Outside of Palma are wonderful villages and great hiking and photo options. One of the most popular day trips is to Valldemossa, where some say Frederic Chopin and George Sand were the first Mallorcan tourists.

Mallorca's popularity as a tourist destination helped get its start from an unusual source. In 1838, the pianist Frederic Chopin and his lover, the writer George Sand, rented a former monk's cell at the Royal Carthusian Monastery. The couple and their illicit affair were the subjects of intense gossip in Paris, so they decided to take refuge in Valldemossa to escape the 19th century equivalent of today's paparazzi. Chopin suffered from tuberculosis, and they thought the sunny, warm climate would help him recover. Unfortunately, the winter was a disaster for the couple. The weather was wet and cold, and the Mallorcan citizens shunned them. Chopin's health declined, the couple feuded with the villagers and each other, and Sand took out her frustrations with a pen in the scathing novel, A Winter in Majorca.

Today the former monastery is a favorite shore excursion for cruise ship visitors to the island. The ride from the harbor to the mountain village passes through olive and almond trees as the elevation increases from the coast. The village is quite charming, and the ancient monastery is well kept. In addition to the cells occupied by Chopin and Sand, the church and pharmacy are both interesting. Some of the drugs and potions in the pharmacy look much like they did a hundred or more years ago.

After visiting the monastery and exploring the village of Valldemossa, tour buses drive onward to the northwestern coast of Mallorca. The drive along the coast is magnificent. Glimpses of villas along the steep, rocky coast are tantalizing. Some tours have a wonderful lunch at a restaurant along the way in Deià, the Ca'n Quet. After lunch, the buses head for Sóller, where guests catch the famous vintage train back to Palma.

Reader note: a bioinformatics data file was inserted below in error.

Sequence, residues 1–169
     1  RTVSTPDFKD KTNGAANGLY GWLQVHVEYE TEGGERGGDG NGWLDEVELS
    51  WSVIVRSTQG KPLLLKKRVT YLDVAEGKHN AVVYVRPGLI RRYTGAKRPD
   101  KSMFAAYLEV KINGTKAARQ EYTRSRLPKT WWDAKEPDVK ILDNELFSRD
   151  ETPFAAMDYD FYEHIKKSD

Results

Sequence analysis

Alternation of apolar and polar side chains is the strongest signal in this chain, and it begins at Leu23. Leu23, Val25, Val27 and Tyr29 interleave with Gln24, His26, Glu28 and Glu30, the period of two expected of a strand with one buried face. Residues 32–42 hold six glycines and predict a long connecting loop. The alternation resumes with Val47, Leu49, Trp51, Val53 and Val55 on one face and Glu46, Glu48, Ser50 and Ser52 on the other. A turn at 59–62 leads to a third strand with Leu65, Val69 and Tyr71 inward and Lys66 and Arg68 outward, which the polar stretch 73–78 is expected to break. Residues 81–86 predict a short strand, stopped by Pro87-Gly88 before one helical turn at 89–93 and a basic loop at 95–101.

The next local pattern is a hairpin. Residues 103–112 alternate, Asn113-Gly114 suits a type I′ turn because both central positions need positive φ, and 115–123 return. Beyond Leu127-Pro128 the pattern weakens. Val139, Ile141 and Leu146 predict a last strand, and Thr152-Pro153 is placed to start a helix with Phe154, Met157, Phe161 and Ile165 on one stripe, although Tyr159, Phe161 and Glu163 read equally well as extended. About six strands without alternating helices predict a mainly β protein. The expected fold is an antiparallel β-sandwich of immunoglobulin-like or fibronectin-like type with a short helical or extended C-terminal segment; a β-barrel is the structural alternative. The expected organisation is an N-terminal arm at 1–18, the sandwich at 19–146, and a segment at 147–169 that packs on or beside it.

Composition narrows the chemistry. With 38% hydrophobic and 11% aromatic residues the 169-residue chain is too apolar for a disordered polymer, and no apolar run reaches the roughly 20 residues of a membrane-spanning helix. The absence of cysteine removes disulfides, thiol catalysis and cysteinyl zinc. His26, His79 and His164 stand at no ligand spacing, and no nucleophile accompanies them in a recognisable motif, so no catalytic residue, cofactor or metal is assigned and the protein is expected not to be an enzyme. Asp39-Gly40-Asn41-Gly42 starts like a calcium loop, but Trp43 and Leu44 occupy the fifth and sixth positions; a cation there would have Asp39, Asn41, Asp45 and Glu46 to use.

In 1912, a train line was opened between Palma and Sóller, making the northwestern coast of Mallorca accessible to the city. Prior to 1912, the journey across the mountains of Mallorca made passage difficult, and the Palma-Sóller road was a terror to navigate (and still is!). The train ride today is much like it was almost 100 years ago. Vintage railcars with mahogany panels and brass fittings rattle along the track through numerous tunnels. The ride is neither fast nor exciting, but the vistas are spectacular, and the numerous tunnels along the way provide a glimpse of how difficult construction must have been. Some of the windows on the train are badly scratched, so be sure to get a seat with a "clean" window since there are many sites to see.

Five trains a day leave from Plaça d'Espanya in downtown Palma for Sóller. The 10:40 am train has a short photo stop but is often the most crowded. The ride is about 1.5 hours, traveling across the plain, through the tunnels in the mountains, and arriving in a lush valley of orange groves between the mountains and the sea. Sóller has a fine selection of pastry shops and tapas bar for the weary traveler, many surrounding the Plaça Constitució.

Tour buses arrive in Sóller after lunch in Deià. The train ride back to Palma is fun and gives an opportunity to see more of the beautiful island.